My current ride read is Siblings Without Rivalry, by family relationship gurus Adele Faber and Elaine Mazlish. Toni Morrison, it ain’t, but I like to be prepared. I realize that using my precious solo bus time to consume such material makes me a lentement, but I’m learning a lot about how to foster cooperation (et cetera) between my little darlings, and it does have the added benefit of deterring any potential bus macks. I digress.
Folks, Chicklet and Busling, who’ve been getting along famously these past four months, are not the members of the Bus Fam who need help with rivalry issues. It is Yours Truly (a native of the 2-0-sickness and a total Seattle partisan) who has been guilty of hating a bit on our sibling city to the south–in part, at least, because I’m jealous of its transit system and all the alt-transpo love it gets from the rest of the country. What can I say? According to my brother, Jeremy (speaking of siblings), I’m a natural born hater.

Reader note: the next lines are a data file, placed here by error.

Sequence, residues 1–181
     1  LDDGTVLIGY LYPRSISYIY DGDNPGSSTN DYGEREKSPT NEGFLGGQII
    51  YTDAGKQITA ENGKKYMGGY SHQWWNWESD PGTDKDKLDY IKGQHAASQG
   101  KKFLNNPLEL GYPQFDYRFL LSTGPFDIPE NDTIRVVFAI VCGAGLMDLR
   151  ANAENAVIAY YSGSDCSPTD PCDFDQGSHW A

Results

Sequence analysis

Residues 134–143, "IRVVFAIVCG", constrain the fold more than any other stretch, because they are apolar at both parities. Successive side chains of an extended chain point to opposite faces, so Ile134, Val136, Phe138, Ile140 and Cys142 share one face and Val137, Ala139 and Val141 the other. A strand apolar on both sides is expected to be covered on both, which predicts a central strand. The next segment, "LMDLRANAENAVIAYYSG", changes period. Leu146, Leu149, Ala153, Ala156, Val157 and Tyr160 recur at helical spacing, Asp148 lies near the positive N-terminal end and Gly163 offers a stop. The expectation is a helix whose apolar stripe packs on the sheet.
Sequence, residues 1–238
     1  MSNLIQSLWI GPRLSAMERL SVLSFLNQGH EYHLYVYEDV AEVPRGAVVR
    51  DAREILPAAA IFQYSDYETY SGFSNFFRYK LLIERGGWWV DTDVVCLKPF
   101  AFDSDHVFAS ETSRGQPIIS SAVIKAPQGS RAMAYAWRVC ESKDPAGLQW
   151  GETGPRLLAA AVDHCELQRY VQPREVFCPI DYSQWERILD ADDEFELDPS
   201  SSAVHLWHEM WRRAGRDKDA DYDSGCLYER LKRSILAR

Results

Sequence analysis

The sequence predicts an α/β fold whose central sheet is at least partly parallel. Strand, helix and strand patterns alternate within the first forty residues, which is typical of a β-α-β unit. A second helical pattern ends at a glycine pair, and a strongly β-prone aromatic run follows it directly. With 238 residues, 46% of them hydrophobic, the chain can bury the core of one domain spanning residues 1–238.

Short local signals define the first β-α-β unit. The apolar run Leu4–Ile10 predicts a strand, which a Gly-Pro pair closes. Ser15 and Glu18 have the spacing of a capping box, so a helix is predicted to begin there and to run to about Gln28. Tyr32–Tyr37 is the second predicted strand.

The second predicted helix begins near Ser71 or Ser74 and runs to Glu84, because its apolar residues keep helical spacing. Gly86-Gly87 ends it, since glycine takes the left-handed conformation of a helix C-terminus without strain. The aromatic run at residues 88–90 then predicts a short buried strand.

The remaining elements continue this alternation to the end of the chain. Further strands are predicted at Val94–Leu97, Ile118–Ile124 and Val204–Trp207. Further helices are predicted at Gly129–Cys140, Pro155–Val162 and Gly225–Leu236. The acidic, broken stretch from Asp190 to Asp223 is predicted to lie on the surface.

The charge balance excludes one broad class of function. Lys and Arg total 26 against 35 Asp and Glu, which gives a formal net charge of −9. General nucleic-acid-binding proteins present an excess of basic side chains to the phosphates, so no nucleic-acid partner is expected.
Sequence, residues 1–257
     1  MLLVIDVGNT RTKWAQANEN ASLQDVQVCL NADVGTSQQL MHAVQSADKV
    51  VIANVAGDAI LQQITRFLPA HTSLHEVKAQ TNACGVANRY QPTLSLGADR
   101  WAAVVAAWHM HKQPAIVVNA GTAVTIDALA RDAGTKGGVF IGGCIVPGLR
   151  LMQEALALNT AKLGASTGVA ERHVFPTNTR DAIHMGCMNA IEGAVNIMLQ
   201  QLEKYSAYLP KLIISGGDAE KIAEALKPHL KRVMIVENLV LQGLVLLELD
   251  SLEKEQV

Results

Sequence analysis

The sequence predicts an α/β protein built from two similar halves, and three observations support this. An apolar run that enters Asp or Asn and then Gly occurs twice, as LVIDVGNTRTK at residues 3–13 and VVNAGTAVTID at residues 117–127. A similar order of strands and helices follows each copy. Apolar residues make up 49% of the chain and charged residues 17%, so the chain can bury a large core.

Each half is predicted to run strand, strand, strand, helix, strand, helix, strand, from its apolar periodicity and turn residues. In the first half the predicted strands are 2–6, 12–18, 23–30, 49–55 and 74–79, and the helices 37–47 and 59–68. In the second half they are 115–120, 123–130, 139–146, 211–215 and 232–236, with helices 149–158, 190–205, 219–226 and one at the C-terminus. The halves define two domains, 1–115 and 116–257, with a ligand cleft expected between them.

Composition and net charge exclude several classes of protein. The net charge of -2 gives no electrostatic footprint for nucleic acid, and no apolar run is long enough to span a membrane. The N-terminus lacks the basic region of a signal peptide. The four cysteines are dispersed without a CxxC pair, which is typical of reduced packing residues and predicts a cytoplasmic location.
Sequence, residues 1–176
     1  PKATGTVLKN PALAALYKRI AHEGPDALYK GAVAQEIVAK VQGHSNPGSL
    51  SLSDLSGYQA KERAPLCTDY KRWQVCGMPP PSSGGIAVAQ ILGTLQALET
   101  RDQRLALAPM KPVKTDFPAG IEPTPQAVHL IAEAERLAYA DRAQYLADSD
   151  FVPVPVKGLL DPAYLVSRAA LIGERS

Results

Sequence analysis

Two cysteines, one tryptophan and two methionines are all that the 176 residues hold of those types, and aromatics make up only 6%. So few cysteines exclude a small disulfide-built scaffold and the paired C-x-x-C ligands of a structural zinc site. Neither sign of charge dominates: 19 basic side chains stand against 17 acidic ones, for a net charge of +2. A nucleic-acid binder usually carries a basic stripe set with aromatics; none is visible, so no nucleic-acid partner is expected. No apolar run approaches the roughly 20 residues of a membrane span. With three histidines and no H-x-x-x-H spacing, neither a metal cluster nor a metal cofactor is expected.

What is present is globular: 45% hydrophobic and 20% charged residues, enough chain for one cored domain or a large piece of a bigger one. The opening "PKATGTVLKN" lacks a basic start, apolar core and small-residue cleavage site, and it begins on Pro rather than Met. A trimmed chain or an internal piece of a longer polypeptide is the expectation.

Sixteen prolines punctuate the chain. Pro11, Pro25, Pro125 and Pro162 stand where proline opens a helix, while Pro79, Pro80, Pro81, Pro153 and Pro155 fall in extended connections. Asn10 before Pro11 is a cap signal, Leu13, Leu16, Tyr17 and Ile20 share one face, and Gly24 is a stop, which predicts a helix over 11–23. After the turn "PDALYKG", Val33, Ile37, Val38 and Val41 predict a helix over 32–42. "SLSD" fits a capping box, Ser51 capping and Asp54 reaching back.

And so, it is in the spirit of my newfound insight (at least, as much insight as I’ve been able to gain from the first 100 pages) that I celebrate the latest addition to Pdx’s progressive transportation resume: the “low-car lifestyle” magazine, Portland Afoot. Check it:
We bus. We bike. We MAX. We walk. We’re fifty thousand families strong, and just by getting around without a car sometimes, we’re transforming Portland step by step. We all know Portland’s got issues when it comes to getting around. But where’s our voice? What’s our conversation? And by the way, how can I get my boss to pay for my rail pass?
Portland Afoot is on the case. Solve the problems. Get the issues. Join the fun.*
Sold! I couldn’t resist subscribing, since I’m a sucker for smart writing and transit (and walking, and cycling) talk, no matter the city of origin. I can’t wait to read it.
OK, you scored again, Portland. Mom always liked you better, anyway.